Get your Health question answered in 3 easy steps
A Doctor will be with you shortly
Ask a Doctor Now
137 Doctors are Online

Leg pain, joint pain, lower back pain, swelling, ulcerative colitis. Done MRI, CT scan, blood work. Had Gallbladder removed. Suggestion?

Hello, I am a 40 year old female who developed severe pain in the legs about 1 year ago . The pain is at its worst in the morning upon awakening and brings me to tears. It seems to improve during the day. When I lay down in bed at night or sit in the car for too long, the pain comes back. I would describe the sensation as a dull aching pain that is difficult to point to. It does not radiate but instead covers a large area (starting from lower back to toes). My toes feel as thought they have been crushed by a car. I don't have any joint pain, swelling, or redness anywhere and I do not feel any additional pain when my leg is touched or squeezed. What are some potential causes of this type of pain. I have had an MRI, CT scan and blood work which were all unremarkable. I did recently have my gall bladder removed about a week ago. I also suffer from ulcerative colitis which only flares up once every 2 years.
Asked On : Wed, 9 Oct 2013
Answers:  1 Views:  16
Report Abuse
Share on Facebook
Share on Twitter
Share on Google+
Question is related to
Diseases and Conditions
Medical Topics
Orthopaedic Surgeon, Joint Replacement 's  Response
Jul 2013
Hi, thanks for writing to HCM.

Pain originating in the lower back and going down into the leg is typically suggestive of a Lumbar disc disease protrusion causing a compression over the nerve roots.

The initial mode of management is conservative by following measures -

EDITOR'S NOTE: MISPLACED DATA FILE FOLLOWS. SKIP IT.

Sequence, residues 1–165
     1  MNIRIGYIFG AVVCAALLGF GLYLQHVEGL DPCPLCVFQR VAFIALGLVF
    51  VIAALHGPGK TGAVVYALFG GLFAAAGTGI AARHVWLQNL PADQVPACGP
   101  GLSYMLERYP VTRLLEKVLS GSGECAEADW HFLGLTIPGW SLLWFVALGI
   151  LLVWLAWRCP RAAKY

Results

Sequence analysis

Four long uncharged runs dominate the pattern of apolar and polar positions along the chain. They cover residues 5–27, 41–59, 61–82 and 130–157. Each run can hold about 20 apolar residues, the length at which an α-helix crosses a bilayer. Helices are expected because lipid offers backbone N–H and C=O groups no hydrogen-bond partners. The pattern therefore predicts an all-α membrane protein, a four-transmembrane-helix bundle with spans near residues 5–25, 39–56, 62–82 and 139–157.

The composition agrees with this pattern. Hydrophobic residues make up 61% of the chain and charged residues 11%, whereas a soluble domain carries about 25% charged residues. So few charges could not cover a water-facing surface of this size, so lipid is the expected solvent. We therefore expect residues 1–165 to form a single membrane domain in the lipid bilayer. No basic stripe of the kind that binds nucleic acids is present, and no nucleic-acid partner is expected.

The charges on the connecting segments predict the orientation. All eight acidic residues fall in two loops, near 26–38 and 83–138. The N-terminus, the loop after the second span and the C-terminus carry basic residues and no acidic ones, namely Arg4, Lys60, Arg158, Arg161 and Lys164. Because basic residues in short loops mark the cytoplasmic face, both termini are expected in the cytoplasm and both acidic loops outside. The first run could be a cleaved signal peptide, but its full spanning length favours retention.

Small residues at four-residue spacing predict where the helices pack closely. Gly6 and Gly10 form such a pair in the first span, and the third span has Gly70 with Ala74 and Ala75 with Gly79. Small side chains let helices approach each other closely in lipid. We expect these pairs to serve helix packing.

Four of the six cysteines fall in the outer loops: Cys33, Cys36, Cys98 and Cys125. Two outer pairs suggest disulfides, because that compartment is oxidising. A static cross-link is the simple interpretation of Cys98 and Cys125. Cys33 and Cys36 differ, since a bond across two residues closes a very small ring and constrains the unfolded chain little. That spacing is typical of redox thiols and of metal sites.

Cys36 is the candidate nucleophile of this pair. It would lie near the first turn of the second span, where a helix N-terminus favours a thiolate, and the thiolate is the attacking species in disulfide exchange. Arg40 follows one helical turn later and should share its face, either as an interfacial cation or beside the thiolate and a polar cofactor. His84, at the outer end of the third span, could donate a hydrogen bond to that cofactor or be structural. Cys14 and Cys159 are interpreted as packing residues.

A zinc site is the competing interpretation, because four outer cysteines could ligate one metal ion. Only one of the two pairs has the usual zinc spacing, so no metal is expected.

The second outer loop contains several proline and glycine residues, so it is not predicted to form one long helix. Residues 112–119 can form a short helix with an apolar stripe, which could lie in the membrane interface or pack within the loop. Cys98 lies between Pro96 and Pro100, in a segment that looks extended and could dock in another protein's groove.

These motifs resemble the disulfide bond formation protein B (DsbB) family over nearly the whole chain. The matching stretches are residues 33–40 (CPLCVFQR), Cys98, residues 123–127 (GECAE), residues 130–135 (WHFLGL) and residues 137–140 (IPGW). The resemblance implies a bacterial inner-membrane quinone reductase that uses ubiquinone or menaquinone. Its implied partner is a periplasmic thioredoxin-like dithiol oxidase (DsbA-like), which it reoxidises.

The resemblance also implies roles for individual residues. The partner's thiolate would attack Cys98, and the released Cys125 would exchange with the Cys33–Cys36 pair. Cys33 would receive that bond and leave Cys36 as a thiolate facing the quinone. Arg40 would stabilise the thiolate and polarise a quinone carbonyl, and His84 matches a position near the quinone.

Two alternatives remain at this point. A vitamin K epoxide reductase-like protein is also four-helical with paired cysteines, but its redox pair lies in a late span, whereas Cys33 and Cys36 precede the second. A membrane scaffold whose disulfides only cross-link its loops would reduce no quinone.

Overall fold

* Avoid lifting heavy weights as it imparts more strain on your back
* Avoid forward bending activities as it will worsen the disc protrusion
* Use a lumbosacral back support to augment your spinal muscles
* Intermittent pelvic traction may help to cause a regression of disc
* Maintain optimum body weight,if you are obese
* Physiotherapy to strengthen your back muscles. Physiotherapy has to be done only after the acute pain has subsided.
* Use analgesics and muscle relaxants as needed.

If your symptoms are not resolving with the above measures, an Epidural steroid injection may provide good symptomatic relief.

Hope this information is helpful. Good day
Answered: Wed, 9 Oct 2013
I find this answer helpful

 1 user finds this helpful

Disclaimer: These answers are for your information only and not intended to replace your relationship with your treating physician.
This is a short, free answer. For a more detailed, immediate answer, try our premium service [Sample answer]
 

 

Loading Online Doctors....
© Ebix, Inc. All Rights Reserved.
All the information, content and live chat provided on the site is intended to be for informational purposes only, and not a substitute for professional or medical advice. You should always speak with your doctor before you follow anything that you read on this website. Any health question asked on this site will be visible to the people who browse this site. Hence, the user assumes the responsibility not to divulge any personally identifiable information in the question. Use of this site is subject to our Terms & Conditions
Already Rated.
Your rating:

Ask a Doctor